Cultural Probes in Real Life Information & DesignGerry Gaffney www.infodesign.com.au
“Time spent in reconnaissance is seldom wasted” (孙子) Probes are “…designed to prompt and elicit information from people about their lives andPhoto: I, Shane, flickr, creative commons license local culture” (Bill Gaver)
We can’t observe if… • The area or subject is sensitive • Our presence may interfere too much • We need to observe over a long period.Image: NASA
A “probe” may contain• Diary (or blog)• Camera• Video recorder• Audio recorder• Postcards• Anything that enables participants to self- report
Analysis?“We don’t analyse the data… we’ve got real returns from real people… It’s nice to work with the… raw materials because they force you to re-interpret them pretty much every time you look at them.” – Bill Gaver, in an interview with Gerry Gaffney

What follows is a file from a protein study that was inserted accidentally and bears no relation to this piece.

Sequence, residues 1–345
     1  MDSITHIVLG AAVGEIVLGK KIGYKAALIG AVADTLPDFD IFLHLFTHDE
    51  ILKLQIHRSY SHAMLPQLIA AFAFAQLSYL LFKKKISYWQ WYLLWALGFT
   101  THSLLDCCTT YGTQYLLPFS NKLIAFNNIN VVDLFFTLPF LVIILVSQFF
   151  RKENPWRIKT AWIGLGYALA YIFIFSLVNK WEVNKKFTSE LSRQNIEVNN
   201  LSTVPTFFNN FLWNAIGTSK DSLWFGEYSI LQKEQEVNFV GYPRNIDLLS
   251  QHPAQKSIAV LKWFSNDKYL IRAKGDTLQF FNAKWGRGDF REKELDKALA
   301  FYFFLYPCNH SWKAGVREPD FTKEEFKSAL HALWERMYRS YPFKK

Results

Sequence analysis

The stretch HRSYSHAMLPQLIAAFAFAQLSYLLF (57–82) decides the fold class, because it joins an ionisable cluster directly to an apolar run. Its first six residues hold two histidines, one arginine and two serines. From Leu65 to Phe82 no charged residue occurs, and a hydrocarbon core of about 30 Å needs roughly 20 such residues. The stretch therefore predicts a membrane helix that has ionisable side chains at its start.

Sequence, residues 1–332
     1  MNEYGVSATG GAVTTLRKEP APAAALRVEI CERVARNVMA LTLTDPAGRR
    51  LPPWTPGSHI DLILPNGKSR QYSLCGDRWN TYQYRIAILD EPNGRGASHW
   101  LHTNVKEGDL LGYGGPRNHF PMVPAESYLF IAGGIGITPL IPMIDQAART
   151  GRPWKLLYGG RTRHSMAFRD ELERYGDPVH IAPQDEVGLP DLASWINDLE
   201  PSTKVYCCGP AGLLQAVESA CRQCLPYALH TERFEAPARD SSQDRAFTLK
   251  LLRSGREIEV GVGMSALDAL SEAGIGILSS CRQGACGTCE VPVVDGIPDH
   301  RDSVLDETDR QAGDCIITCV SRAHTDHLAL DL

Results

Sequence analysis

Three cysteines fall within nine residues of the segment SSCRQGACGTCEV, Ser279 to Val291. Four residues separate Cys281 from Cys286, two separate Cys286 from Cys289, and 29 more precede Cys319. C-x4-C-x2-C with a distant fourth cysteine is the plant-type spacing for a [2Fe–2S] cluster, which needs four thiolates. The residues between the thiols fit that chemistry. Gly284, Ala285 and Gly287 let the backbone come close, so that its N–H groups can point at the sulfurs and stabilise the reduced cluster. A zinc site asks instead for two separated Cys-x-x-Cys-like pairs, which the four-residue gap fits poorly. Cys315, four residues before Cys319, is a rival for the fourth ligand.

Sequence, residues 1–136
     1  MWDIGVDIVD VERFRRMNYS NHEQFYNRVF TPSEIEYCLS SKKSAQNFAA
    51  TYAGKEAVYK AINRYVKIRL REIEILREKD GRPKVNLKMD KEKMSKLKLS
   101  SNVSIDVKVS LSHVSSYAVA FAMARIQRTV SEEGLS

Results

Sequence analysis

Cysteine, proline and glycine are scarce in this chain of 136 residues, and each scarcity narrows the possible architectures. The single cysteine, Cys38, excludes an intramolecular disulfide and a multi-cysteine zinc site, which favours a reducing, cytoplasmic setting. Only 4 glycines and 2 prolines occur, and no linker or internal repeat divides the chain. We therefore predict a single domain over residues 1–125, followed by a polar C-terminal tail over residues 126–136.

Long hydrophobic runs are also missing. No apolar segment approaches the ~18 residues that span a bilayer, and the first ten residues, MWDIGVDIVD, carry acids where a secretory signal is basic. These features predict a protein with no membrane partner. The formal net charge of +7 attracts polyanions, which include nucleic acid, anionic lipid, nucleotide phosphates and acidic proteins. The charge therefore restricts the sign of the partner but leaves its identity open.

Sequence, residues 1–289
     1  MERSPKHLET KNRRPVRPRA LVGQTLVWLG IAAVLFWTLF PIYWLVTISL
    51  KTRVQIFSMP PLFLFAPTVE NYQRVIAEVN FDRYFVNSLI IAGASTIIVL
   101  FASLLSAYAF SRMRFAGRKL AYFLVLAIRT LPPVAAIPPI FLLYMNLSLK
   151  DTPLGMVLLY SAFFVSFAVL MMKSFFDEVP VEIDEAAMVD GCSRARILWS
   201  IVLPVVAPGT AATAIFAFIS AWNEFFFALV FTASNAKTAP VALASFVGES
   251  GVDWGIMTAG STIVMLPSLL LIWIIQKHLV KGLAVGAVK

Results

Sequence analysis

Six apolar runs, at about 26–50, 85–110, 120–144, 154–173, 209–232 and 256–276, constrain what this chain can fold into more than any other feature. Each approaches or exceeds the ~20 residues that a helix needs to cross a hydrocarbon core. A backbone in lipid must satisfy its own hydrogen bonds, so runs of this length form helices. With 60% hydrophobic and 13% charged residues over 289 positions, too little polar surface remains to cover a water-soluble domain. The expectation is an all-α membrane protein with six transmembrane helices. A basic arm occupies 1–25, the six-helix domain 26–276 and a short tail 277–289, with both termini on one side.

Commercial necessity• The objective is likely to be more immediate than in an academic context• A focus on deliverables• Frequent or ongoing re-interpretation is not encouraged!• So analysis and synthesis are necessary.
Case study• www.linkme.com.au• Studied 6 people who were looking for employment (key part of the target audience)• Asked them to keep a diary over a three-week period• Interviewed them during & after the study• Analyzed the diaries and associated materials.
Handling theflood of data Photo: Alexis Rondeau flickr, creative commons license
How to estimate?• Comparable to contextual enquiry in terms of: – Preparation time – Recruiting time (but requires more care) – Quantity of data – Analysis method and effort.• Participant payment/incentives more costly• Amount of consultant time theoretically may be reduced.
Conclusion• Relatively simple technique• Needs careful planning• Deliverables include – Personas – Scenarios – Artefacts.• A useful technique to add to your toolkit – applied to the appropriate projects.